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Looks a lot like Python, but with a compiler instead of an
interpreter.  *shrug*

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Rob Gaddi, Highland Technology
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To me, it looks a lot more like C/Java than it looks like
Python:

 * whitespace isn't significant
 
 * curly-braces as block delimiters
 
 * semicolons to separate statements  

When it comes to semantics rather than looks, it still doesn't
seem all that similar to Python. In general, the object/type
system doesn't seem to be comparable (Go has no inheritence).

Go also has no exceptions or any practical error-handling
facilities.

All in all, I was pretty underwheled.

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Grant Edwards                   grante             Yow! I have the power to
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Re: Google releases new programing language.



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[...]

One big difference between Python and Go that I forgto to
mention is that go is statically typed while Python is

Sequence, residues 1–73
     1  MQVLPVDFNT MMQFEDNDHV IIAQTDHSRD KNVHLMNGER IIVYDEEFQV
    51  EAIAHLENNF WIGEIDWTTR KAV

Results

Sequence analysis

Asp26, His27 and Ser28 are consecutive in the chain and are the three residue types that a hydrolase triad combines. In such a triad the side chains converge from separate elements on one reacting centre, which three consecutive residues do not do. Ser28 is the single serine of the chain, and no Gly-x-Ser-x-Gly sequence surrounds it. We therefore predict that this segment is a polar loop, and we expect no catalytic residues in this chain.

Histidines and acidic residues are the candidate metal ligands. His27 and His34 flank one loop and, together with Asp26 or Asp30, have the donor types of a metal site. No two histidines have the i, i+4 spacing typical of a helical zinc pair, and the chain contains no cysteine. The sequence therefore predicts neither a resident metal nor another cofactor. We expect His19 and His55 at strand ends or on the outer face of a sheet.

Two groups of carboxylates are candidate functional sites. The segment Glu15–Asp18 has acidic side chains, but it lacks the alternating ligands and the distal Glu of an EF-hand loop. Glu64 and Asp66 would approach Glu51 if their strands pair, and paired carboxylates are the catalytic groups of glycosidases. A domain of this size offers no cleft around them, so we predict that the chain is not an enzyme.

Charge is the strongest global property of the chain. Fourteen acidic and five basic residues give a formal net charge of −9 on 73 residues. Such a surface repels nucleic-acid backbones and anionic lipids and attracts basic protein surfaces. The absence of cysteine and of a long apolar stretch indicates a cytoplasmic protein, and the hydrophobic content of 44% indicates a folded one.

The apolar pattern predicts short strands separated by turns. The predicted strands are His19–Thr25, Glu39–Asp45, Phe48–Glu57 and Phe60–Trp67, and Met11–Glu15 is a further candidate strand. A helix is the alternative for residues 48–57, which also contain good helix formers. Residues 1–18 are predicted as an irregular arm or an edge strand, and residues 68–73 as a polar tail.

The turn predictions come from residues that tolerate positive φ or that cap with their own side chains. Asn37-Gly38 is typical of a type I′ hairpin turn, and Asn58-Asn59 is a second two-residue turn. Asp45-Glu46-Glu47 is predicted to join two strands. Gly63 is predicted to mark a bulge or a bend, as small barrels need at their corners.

dynamically typed.  That's a pretty fundamental difference.

I use Python every day, and I really don't see where the
comparison to Python comes from.  To me it looks more like
cleaned up Java or C with garbage collection.

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Grant Edwards                   grante             Yow! What a COINCIDENCE!
                                  at               I'm an authorized "SNOOTS
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That's my take on it too. What really impressed me was the great
concurrency stuff.

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    W
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This is comp.arch.embedded - where's the compilers for non-x86 targets?
  I suppose that gccgo could be re-targeted, if the run-time library is
not too difficult to port.